Inaccurate information about your company’s expenditure can greatly inhibit your capacity to make and maintain a successful business.

Accurate costing information enables managers to measure profit, so that they can make the best decisions for the company’s future. Below, we summarize precisely why accurate costing is so crucial to the success of any business.

Accurate costing helps businesses stay competitive

To be as competitive as possible, you need to understand exactly how much your company spends on any given asset. This way, you have a reliable means of setting competitive sales prices that will encourage profit and attract consumers. Inaccurate costing information may lead to mistakenly setting lower sales prices relative to your expenditure, which ultimately decreases profit.

Inaccurate costing information may even put you at risk for charges of predatory pricing practices. If you have inaccurate information about your expenditure, you may mistakenly set sales prices at a lower amount than costs. In some places, this merits legal action, and a business can be sued for using artificially low prices in attempts to drive competitors out of business. Accurate information about costing will help to protect you against costly mistakes like this.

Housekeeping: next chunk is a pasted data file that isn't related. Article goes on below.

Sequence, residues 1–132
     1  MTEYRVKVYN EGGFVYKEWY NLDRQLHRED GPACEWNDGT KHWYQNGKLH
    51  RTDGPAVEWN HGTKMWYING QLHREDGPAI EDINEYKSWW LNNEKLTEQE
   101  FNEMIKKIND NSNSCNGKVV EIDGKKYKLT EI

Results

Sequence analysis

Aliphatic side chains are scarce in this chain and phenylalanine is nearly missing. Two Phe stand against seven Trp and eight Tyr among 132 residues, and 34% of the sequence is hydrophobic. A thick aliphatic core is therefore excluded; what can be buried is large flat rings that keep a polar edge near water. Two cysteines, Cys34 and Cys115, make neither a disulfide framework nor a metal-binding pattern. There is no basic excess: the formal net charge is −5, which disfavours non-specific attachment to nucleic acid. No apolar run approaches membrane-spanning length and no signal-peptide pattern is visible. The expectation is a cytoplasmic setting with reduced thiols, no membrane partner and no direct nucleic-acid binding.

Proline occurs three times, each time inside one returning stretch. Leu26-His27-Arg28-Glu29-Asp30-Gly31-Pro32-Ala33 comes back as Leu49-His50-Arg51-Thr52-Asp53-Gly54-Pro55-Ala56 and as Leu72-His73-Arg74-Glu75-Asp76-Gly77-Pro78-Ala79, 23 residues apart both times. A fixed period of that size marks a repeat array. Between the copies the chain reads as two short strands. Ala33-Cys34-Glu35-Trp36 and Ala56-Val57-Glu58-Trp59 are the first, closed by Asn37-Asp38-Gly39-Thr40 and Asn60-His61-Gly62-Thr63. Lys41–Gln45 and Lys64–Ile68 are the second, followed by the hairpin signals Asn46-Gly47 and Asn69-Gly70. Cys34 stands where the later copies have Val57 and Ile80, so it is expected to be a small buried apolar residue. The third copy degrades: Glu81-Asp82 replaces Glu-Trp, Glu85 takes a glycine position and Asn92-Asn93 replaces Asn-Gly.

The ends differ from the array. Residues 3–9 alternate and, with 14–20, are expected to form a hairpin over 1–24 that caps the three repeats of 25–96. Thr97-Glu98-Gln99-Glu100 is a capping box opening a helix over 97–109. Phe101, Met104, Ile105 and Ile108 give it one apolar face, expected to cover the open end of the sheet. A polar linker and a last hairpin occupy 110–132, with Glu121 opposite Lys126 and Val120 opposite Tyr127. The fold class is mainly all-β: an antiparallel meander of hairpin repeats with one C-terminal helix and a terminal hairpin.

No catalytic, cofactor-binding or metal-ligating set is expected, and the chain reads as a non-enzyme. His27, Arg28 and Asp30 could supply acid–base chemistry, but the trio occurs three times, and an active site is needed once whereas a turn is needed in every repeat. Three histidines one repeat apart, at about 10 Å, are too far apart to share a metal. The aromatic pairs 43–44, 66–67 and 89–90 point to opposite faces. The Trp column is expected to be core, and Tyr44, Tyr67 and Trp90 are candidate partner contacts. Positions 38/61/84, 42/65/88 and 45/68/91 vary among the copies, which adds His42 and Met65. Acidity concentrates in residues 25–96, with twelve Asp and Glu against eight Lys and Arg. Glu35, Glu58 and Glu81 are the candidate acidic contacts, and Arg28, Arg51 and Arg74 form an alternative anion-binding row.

Making smart choices

Some of the most important business decisions you will make will be heavily influenced by cost factors. In these situations, you will often have to choose one alternative over another, and this involves distinguishing between relevant and irrelevant costs.

The original cost to your company of any given asset, before accounting for depreciation, can easily be mistaken as a relevant cost. However, it is in fact the disposable value of this asset which is the relevant amount, rather than the original cost.

Imagine, for example, that your company bought certain machinery for its operations at a cost of $35,000. When deciding between keeping this machine or replacing it with a new one, the relevant cost is its value after accounting for depreciation.

So, let’s say that the machine at this time has a salvage value of $20,000. This is the relevant cost that you should consider when deciding whether to sell the asset or keep using it. Being aware of the difference between irrelevant and relevant costs will help you to consider the future cash flows of each action, rather than simply considering the historical-based costs to your company.

Relatedly, you need accurate costing information to help you to value assets. The balance sheet will record the cost values for most assets, and in order to understand these you need to also understand the cost basis of its inventory and certain other assets.

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